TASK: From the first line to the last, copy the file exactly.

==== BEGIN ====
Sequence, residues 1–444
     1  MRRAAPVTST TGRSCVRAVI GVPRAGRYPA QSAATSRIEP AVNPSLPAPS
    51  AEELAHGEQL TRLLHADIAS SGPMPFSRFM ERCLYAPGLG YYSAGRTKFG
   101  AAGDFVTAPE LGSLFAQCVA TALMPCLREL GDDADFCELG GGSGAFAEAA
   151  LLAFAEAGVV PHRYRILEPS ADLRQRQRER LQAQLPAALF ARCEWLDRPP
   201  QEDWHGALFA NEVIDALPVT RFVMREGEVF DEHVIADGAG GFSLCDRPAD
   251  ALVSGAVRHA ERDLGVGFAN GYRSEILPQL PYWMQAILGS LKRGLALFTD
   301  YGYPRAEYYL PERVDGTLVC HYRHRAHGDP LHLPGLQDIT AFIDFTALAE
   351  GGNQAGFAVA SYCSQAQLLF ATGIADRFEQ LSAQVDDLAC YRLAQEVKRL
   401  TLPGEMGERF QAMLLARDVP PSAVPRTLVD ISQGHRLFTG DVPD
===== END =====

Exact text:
Sequence, residues 1–444
     1  MRRAAPVTST TGRSCVRAVI GVPRAGRYPA QSAATSRIEP AVNPSLPAPS
    51  AEELAHGEQL TRLLHADIAS SGPMPFSRFM ERCLYAPGLG YYSAGRTKFG
   101  AAGDFVTAPE LGSLFAQCVA TALMPCLREL GDDADFCELG GGSGAFAEAA
   151  LLAFAEAGVV PHRYRILEPS ADLRQRQRER LQAQLPAALF ARCEWLDRPP
   201  QEDWHGALFA NEVIDALPVT RFVMREGEVF DEHVIADGAG GFSLCDRPAD
   251  ALVSGAVRHA ERDLGVGFAN GYRSEILPQL PYWMQAILGS LKRGLALFTD
   301  YGYPRAEYYL PERVDGTLVC HYRHRAHGDP LHLPGLQDIT AFIDFTALAE
   351  GGNQAGFAVA SYCSQAQLLF ATGIADRFEQ LSAQVDDLAC YRLAQEVKRL
   401  TLPGEMGERF QAMLLARDVP PSAVPRTLVD ISQGHRLFTG DVPD